• Whole cornmeal (Most cornmeal is not whole, need to read the ingredients)
  • Brown rice, wild rice
  • Quinoa
  • Buckwheat – like buckwheat pancakes
  • Whole wheat pasta – if you don’t like the taste, try 25% whole wheat pasta and 75% regular pasta
  • Barley
  • Whole grain crackers
  • Whole grain chips, Sun Chips, Food Should Taste Good  Multigrain chips,
  • Whole grain corn – popcorn is whole grain

Note:  “multi-grain”, “stone ground”, “cracked wheat”, “bran” – are usually not whole grain products.  Read the label as some foods like the Food Should Taste Good Multigrain chips are whole grain but many “multi-grain” breads are not whole grain. 

Add some whole grains to your diet for a longer life. 

Sunday, May 17, 2015

How to feed your brain?

Wouldn’t it be nice if there was “brain food”?   Just eat a few foods and be smarter, more alert, improve your memory?  Well, apparently there are foods you can eat to improve your memory and learning.  A recent article in Environmental Nutrition, 5 Steps for Feeding Your Brain, lists a number of foods and steps to feed your brain.    
      1.   Foods rich in Phytonutrients – these aren’t vitamins or minerals but plant nutrients that have health benefits to plants and to us.  There are many phytonutrients, the one called flavonoids, are good for brain health.  These promote memory and learning.  Whole plant foods are better than processed so choose:
        a.       Citrus fruits – whole orange vs. orange juice, grapefruit, slices of lemon in ice water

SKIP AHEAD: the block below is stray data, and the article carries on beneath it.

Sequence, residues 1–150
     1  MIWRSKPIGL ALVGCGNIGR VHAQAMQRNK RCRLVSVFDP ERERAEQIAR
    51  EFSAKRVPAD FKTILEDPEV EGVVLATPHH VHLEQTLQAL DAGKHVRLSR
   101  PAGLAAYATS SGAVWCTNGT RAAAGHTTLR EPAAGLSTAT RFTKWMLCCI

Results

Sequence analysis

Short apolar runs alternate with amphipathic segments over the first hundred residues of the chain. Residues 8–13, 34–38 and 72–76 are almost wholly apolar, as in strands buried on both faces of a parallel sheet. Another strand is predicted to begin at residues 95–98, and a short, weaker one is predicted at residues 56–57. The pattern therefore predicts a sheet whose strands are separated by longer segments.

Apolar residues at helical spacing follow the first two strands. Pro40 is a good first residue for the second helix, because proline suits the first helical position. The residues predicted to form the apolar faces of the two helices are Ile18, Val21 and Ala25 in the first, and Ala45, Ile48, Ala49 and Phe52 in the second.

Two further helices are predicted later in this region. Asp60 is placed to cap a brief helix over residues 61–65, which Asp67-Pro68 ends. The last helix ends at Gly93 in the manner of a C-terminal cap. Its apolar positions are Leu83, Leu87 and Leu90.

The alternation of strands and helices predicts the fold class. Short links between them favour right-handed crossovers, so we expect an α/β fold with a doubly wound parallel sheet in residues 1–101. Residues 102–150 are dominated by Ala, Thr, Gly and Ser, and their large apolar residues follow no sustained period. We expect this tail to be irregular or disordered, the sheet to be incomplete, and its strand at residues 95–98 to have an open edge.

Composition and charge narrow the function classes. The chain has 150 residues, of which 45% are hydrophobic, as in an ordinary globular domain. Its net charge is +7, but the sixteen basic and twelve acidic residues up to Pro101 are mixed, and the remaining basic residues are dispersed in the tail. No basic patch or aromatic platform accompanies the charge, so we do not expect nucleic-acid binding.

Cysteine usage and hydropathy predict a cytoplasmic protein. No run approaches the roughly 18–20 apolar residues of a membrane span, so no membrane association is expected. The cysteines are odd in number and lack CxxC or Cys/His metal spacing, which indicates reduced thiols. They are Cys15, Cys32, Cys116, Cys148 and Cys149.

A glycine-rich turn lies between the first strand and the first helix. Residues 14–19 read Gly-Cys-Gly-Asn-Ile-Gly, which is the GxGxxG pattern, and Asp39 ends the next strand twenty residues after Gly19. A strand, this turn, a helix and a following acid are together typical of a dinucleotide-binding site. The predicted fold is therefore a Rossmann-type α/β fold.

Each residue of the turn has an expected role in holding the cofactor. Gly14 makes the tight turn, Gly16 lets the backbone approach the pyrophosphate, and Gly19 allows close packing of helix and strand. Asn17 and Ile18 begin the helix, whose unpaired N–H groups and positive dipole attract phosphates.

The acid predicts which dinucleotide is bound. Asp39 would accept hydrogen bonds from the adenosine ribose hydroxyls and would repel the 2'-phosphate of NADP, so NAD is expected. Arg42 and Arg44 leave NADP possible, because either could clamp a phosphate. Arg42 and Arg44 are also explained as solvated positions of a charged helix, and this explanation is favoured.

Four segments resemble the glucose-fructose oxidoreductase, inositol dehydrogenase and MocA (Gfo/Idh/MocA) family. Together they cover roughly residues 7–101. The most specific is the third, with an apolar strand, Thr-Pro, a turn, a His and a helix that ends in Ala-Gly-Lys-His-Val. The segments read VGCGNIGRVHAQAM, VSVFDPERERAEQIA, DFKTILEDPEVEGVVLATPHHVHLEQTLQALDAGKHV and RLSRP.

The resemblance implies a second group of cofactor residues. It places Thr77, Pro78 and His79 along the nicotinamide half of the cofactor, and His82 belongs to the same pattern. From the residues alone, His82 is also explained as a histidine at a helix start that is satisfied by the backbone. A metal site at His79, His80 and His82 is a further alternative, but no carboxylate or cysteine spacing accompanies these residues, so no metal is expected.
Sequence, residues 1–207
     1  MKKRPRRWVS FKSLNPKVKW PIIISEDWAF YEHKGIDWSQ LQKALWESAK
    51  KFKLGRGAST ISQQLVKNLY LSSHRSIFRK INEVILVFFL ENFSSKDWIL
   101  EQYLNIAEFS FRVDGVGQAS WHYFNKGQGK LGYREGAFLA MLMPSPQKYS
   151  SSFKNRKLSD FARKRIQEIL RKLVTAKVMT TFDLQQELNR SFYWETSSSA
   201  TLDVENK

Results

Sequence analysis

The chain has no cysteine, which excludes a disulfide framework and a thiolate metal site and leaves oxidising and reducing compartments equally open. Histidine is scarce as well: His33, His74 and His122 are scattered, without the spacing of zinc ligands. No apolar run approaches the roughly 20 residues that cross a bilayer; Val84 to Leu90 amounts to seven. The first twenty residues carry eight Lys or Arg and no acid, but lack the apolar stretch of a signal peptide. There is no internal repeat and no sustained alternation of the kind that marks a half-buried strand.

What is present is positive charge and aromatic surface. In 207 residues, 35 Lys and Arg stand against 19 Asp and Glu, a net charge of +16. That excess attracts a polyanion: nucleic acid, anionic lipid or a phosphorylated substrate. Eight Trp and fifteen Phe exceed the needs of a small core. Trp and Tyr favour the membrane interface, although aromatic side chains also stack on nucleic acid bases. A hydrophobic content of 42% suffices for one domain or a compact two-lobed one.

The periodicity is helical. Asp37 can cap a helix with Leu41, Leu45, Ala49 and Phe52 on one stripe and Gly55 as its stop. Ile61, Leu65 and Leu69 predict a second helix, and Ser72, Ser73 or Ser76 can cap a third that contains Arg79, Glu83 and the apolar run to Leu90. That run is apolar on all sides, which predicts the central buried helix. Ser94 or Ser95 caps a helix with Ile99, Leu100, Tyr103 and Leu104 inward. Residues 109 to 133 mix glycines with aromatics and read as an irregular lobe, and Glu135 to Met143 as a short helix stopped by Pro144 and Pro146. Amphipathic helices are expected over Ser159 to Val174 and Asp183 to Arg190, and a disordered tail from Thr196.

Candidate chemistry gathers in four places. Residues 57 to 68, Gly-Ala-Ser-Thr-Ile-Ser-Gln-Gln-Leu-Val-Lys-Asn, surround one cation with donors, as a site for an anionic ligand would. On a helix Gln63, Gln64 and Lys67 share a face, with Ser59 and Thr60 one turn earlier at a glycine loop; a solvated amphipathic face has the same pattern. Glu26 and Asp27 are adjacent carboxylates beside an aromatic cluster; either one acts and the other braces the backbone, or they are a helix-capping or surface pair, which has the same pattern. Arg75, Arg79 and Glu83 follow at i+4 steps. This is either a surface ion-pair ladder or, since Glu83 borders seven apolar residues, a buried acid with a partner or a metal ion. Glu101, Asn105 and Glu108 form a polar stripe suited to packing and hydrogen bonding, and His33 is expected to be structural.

b.      Broccoli – microwave it, steam it or eat it raw with lite Ranch dressing  
        c.       Soybeans   

      2.  Unrefined Carbs – have you ever heard people say, “Watch your carbs”?  Not sure what they are watching them for.  Yes, you should limit refined carbs, but unrefined carbs are great for your health and for your brain.  Refined carbs, like refined sugars, promote stress in the body so avoid foods with added sugars and refined white bread and white flour.  Choose instead whole grains, oatmeal, Cheerios, whole grain breads, whole grain crackers, Sun Chips.  Beans and legumes also promote brain health.  Unrefined carbs don’t spike your blood sugar levels but promote steady blood sugar which supports attention and memory.   
      3.   Omega-3’s – a good fat.   So much has been written about bad fats like saturated fats.  But there are good fats like Omega-3’s.  Good for you heart and good for your brain.  Seafood, salmon and tuna, supply 2 types of Omega-3’s, DHA and EPA – both brain food.  Another omega-3 is found in walntus and flaxseed.  Sprinkling some flaxseed on your cereal or in your smoothie is a good choice.  Avoiding saturated fats in not only good for your heart but also protects your brain.  Diets high in saturated fats are associated with mental decline.  
     4.  Fried foods are bad foods – many people are surprised by this. Many think fried chicken nuggets are healthy because they are made of chicken.  Not true.  Fried foods contain a substance called AGE that is linked to memory decline as we get older.  So cut back on fried foods.         
      5.   Healthy Weight – maintaining a normal weight is good for your heart, your brain and overall health.  Studies have linked obesity to less brain function as we get older.  Physical activity is linked with improved brain function so go for that swim, a walk or bike ride.
Brain Foods – to feed your brain enjoy some brain foods:
Apples, eggs, figs, green tea, pomegranate, salmon and tuna, strawberries and blueberries, walnuts

Source:  5 Steps for Feeding Your Brain , Image source: Brain food

Sunday, May 10, 2015

Nutrition in the News

Good news for consumers.  Many manufacturers and fast food restaurants are making healthful changes in their food offerings.   In the last few weeks, Kraft, Chipotle, and Pepsi have made announcements about upcoming changes.  What drove these changes?  You the consumer, did by requesting healthier options.   It is usually the government forcing manufacturers to make changes and now with social media, the consumer is in the driver’s seat.  So what is changing?
Macaroni and Cheese:   has announced it is going to make macaroni and cheese without the synthetic colors or artificial preservatives.